On November 17, 1949, Gerald McGee, Claimant, appellant here, while working in an industry covered by Workmen's Compensation Law, I.C. § 72-101 et seq., sustained an injury rendering him totally and permanently disabled. Claim was filed with the Industrial Accident Board against Gerald Koontz, employer, and an award was made. The liability of Koontz is not disputed.
Thereafter, claim was made against respondent Gohrman, and a hearing had as to his liability as an employer, if any there was. Gohrman denied liability.
The question presented by this appeal is whether or not Gohrman was an employer of the injured workman at the time of the injury within the meaning of the Workmen's Compensation Act.
The pertinent facts are: In 1948 Koontz became indebted to Gohrman for money loaned. At Koontz' solicitation Gohrman purchased a small sawmill and some timber land near Emida, Idaho, and thereafter, he employed Koontz to manage the enterprise and deliver the processed lumber to Spokane. He secured Workmen's Compensation with the State Insurance Fund. During the season of 1948 he lost money on the enterprise and abandoned the operation and caused the machinery to be hauled to Spokane. He notified the State Insurance Fund that he had discontinued the operation and canceled the insurance. In 1949 Koontz, without the consent or knowledge of Gohrman, caused the machinery and equipment to be hauled to Emida, Idaho, where he set up the mill on Gohrman's land, and engaged in the manufacture of lumber. On August 1, 1949, by a conditional sales contract, Gohrman sold the mill, machinery and equipment to Koontz for a consideration of $16,000.00, payable at the rate of $200.00 per month. Koontz also purchased and installed additional machinery and equipment for the operation.
To further secure the indebtedness which was acknowledged to exist, the defendant, Koontz, thereafter executed a chattel mortgage covering the lumber and a second chattel mortgage was executed November 28, 1949, covering the articles described in the conditional sales contract and other articles.
Although advised to do so by Gohrman, Koontz failed to secure workmen's compensation coverage.
Gohrman at no time during the operation of 1949 hired, paid, directed, or discharged the men, and had no control over Koontz' operation, nor did he share in the profits or become liable for the losses.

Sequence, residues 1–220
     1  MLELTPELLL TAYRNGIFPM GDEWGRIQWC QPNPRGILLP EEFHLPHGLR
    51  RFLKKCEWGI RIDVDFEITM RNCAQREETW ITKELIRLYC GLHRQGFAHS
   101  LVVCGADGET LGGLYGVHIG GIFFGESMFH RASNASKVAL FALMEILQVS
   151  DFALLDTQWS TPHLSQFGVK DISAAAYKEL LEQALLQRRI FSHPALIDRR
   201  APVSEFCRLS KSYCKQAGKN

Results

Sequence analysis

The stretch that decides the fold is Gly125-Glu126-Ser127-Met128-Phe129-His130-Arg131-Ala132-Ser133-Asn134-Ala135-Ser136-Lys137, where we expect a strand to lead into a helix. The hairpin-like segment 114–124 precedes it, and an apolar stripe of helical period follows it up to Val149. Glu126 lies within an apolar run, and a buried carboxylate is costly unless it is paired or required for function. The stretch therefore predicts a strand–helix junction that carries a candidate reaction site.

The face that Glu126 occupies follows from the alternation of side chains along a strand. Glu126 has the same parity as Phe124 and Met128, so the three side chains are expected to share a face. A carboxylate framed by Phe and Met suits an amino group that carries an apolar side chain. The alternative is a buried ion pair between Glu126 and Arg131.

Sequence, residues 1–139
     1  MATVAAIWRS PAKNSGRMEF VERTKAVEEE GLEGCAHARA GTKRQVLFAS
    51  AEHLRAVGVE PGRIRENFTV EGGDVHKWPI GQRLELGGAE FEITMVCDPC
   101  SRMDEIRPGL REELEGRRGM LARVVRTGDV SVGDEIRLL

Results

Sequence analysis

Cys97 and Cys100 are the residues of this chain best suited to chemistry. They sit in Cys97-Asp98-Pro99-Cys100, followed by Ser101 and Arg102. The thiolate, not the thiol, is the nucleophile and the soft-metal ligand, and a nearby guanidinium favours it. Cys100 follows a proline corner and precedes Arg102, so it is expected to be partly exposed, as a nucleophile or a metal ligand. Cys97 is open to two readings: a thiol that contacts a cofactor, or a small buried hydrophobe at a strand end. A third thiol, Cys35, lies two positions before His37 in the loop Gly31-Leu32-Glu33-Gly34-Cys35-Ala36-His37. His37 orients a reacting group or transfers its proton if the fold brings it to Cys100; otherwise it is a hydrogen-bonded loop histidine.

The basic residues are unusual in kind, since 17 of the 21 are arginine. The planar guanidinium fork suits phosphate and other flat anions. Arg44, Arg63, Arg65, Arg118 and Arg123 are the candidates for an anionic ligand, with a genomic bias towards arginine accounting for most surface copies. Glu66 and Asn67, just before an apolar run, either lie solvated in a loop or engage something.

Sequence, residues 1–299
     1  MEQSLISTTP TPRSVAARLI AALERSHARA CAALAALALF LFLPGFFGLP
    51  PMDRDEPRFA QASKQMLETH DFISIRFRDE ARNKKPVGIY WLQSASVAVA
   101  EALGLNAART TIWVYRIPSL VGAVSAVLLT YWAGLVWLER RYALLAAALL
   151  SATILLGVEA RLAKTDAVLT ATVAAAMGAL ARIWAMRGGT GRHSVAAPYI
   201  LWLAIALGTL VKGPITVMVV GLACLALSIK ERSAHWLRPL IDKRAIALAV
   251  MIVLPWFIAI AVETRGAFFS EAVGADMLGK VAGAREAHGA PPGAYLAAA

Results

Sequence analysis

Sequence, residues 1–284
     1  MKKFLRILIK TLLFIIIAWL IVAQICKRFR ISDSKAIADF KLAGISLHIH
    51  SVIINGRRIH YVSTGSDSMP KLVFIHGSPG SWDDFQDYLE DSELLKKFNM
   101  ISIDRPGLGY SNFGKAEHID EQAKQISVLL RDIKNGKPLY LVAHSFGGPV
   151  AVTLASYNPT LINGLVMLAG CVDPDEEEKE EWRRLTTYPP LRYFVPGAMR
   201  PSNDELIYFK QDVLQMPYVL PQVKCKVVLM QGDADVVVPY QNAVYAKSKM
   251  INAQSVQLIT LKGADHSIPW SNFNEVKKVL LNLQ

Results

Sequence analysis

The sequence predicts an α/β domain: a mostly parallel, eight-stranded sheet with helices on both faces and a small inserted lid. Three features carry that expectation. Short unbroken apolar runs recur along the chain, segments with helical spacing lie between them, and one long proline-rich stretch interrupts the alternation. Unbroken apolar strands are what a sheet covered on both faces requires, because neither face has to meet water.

The only time that Gohrman was at the mill during the operation of 1949 was on Sundays to get lumber which was credited on the indebtedness of Koontz. At the time of the injury, appellant had worked for Koontz approximately three weeks.
Among other things the Board found:
"At no time subsequent to August 1, 1949 * * * did Gohrman employ, pay, discharge or direct any of Koontz' Workmen. * * * Gohrman's actions were consistently those of a creditor having a major stake in Koontz' operations seeking payment for his property rather than a share in the profits of the operation."
Appellant contends Koontz was a contractor, subcontractor or implied partner of Gohrman, and liable under the provisions of Sec. 72-811, I.C.
There is nothing in the transcript to sustain this contention. The testimony clearly establishes the relationship of debtor and creditor, and not contractor, subcontractor or partner.
In order to hold one as an employer under the Workmen's Compensation Act, the owner of the premises, who is not the direct employer of the workmen employed on such premises, must be shown to be the proprietor or operator of a business carried on on such premises. Moon v. Ervin, 64 Idaho 464, 133 P.2d 933.
An employer is defined by Sec. 72-1010, I.C., as including: "* * * the owner or lessee of premises, or other person who is virtually the proprietor or operator of the business there carried on, but who, by reason of there being an independent contractor, or for any other reason, is not the direct employer of the workmen there employed. * * *"
One who sells personal property on conditional sales contract, delivers such property to the purchaser, takes security for money owed in the form of chattel mortgages and receives part payment from the products produced by the machinery sold, and who exercises no control over the business, and except as a creditor has no interest in the enterprise, is not a proprietor
While there is some hearsay evidence which inferentially might be construed as showing a partnership relationship, the overwhelming weight of the evidence is to the contrary, and if the testimony were to be construed to be in conflict, the Board's findings, on competent, substantial evidence will not be disturbed on appeal. We find no error. The order of the Board is affirmed. Costs to respondents.
GIVENS, C. J., PORTER and TAYLOR, JJ., and SUTTON, D. J., concur.